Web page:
DID CHRIST REALLY SPEND THREE (3) DAYS IN THE TOMB? -A RESPONSE TO AN EASTER QUESTION
DID CHRIST REALLY SPEND THREE (3) DAYS IN THE TOMB?
-A RESPONSE TO AN EASTER QUESTION
I had a chat with an old friend yesterday, after exchanging pleasantries he brought up the issue of the 3 days in the tomb, demanding for a clarification; that if we claim that Jesus died on Friday (or as we call it Good Friday), why then, are we celebrating his resurrection on Sunday if we also claim that he spent 3 days in the tomb. He even referred me to a passage which says “after three days” (Mk. 8:31); Therefore, he said that Jesus should have risen on Monday. I tried to clarify him in parts after which I decided to restructure my response into an article since some other persons too may share his view.
Dear friends, it is important to note that the 3 days and nights used in the scriptures is contextually based in relation to the ancient Jewish culture; hence, a proper understanding of the scriptures is also based on understanding the language and culture of the ancient Jews, since Christianity is a product of the Jewish culture.
It is very apparent to us (the 21st-century reader) that the phrase “after three days” (Mk 8:31; Mt. 27:63) and “in three days” (Jn 2,19; Mk 9:31; Mt 16:21) as stated in the Bible may initially appear to contradict one another, but in reality, they harmonize perfectly if one understands the different and more liberal, methods ancients Jews often used when reckoning time. For the ancient Jews, any part of a day could be computed for the whole day and the night following it. More importantly, the ancient Jewish day was measured from the rising of the sun to its setting. Hence, 7am of our day is usually the first hour of the day, while 12noon is usually the 6th hour. The day ends at 6pm, which is known as the 12th hour… While the remaining 12hours belong to the night. That is why the Bible usually makes use of the term “days and nights”(for example, forty days and forty nights) to refer to events.
The Jerusalem Talmud quotes rabbi Eleazar ben Azariah, who lived around A.D. 100, as saying: “A day and night are an Onah (a portion of time) and the portion of an Onah is as the whole of it”
Thus, as awkward as it may sound to the contemporary man living in the 21st century, a person in ancient times could legitimately speak of something occurring “on the third day,” or after “three days and three nights,” yet still be referring to the same exact day. How do I mean? The Scriptures contain several examples which clearly show that in Bible times a part of a day was often equivalent to the whole day. In Acts 10, we can glean further insight into the ancient practice of counting consecutive days (in part or in whole) as complete days. Luke recorded in “Acts”, how an angel appeared to Cornelius at “about the ninth hour of the day” (approximately 3:00 p.m.; Acts 10:3). “The next day” (10:9) Peter received a vision from God and welcomed visitors sent by Cornelius. “On the next day” (10:23) Peter and the servants of Cornelius departed for Caesarea. “And the following day they entered Caesarea” where Peter taught Cornelius and his household the Gospel (10:24). At one point during Peter’s visit, Cornelius spoke about his encounter with the angel of God. Notice carefully how he began the rehearsal of the event. He stated: “Four days ago to this hour, I was praying in my house during the ninth hour…” (10:30) Although the event actually had occurred only 72 hours (or three literal days) earlier, Cornelius spoke of it as taking place “four days ago to this hour.” Why four days instead of three? Because according to the first-century method of reckoning time, a part of the first day and a part of the fourth day could be counted as whole days.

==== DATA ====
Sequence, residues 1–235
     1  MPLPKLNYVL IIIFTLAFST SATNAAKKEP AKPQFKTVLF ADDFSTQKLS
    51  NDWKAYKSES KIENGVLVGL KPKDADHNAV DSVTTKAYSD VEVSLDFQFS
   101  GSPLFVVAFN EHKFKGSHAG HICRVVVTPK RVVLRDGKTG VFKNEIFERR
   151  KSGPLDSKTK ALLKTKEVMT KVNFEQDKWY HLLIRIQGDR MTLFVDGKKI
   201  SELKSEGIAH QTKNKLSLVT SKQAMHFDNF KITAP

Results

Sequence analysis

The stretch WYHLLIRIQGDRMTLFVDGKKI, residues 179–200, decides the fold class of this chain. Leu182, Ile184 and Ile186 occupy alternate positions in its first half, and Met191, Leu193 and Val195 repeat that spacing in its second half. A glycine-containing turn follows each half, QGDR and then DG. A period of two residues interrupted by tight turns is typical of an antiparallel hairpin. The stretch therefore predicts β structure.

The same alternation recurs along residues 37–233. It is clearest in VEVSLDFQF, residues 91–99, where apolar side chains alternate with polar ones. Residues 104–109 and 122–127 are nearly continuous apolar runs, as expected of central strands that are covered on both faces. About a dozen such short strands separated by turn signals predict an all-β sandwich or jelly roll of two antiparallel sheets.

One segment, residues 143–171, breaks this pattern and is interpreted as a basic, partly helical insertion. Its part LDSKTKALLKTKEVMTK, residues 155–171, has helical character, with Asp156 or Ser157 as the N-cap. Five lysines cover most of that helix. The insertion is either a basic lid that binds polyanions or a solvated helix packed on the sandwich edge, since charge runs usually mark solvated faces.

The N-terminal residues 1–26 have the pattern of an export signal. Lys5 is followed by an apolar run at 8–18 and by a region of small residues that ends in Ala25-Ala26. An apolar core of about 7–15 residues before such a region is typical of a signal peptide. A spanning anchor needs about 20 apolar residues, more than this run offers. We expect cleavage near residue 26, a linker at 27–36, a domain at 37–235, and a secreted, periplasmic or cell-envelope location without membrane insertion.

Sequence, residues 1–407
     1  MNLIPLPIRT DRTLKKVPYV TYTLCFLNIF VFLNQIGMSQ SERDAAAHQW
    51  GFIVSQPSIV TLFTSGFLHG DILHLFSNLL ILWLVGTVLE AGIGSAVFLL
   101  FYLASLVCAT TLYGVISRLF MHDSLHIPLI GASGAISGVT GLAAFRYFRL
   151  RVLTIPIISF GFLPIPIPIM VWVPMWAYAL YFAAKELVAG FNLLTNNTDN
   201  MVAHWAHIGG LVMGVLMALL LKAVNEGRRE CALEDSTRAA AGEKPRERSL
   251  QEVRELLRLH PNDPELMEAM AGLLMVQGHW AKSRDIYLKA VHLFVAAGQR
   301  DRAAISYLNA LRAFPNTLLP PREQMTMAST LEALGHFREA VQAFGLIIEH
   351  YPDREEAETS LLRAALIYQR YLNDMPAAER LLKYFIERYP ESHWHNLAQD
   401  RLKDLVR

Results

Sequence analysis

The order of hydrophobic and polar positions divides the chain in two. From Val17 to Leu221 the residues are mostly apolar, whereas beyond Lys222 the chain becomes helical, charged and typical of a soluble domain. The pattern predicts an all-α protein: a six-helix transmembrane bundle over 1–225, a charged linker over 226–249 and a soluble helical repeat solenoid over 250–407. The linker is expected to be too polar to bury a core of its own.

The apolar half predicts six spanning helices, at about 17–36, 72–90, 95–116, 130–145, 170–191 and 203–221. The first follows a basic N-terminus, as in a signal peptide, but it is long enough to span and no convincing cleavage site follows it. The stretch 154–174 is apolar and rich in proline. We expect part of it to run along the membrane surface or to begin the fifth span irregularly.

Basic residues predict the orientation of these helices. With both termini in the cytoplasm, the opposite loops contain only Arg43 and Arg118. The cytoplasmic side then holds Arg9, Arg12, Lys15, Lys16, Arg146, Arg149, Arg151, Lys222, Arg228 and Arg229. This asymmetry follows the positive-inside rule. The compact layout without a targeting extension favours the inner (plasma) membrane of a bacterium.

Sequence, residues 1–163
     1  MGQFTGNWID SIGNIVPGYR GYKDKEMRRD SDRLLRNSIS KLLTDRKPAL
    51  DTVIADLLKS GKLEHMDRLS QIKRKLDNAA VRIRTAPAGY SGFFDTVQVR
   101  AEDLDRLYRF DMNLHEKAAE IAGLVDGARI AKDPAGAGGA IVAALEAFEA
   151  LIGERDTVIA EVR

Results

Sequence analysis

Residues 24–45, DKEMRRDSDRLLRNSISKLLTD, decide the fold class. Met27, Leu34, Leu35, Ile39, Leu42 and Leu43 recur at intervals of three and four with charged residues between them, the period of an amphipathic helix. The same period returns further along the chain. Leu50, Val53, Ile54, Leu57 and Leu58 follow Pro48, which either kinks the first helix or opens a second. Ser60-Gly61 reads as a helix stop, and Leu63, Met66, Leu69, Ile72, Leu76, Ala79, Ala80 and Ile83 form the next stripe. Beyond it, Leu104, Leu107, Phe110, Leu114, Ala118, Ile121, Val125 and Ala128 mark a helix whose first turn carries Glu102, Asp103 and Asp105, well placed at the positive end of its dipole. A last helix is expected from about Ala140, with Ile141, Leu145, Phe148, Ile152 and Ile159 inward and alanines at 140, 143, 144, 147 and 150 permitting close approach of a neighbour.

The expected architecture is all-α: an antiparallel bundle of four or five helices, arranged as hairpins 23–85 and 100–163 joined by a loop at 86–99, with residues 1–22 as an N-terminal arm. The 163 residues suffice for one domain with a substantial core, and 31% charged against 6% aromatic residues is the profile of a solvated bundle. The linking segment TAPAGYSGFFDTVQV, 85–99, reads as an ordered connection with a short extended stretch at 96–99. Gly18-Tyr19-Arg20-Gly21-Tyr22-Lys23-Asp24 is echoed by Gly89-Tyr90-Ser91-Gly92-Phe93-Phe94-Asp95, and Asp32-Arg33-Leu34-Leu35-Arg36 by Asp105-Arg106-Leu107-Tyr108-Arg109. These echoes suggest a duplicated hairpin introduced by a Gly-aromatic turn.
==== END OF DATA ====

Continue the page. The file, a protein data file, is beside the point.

Surely one can see how this information aligns itself perfectly with Jesus’ burial taking place on Friday and His resurrection occurring on Sunday. A part of Friday, all day Saturday, and a part of Sunday would be considered three days in ancient times, not one or two.
The idiomatic expressions that Jesus and the Bible writers employed to denote how long Jesus would remain in the grave (after three days or on the third day) do not mean that He literally would be buried for 72 hours. Thus, we interpret the account of Jesus’ crucifixion, burial, and resurrection in light of the cultural setting of the ancient Jews, and not according to our contemporary view. Even the chief priests and the Pharisees understood the concept of the “three days” and asked Pilate to place guards at the tomb until the third day (cf. Mt. 27:63)
Therefore, in our counting, we commence with Good Friday (the day He died, at about the 9th hour which is 3pm) as DAY 1; DAY 2 happens to be the ancient Sabbath Day (Saturday), while DAY 3 falls on the first day of the week (Sunday) which we all understand as Easter.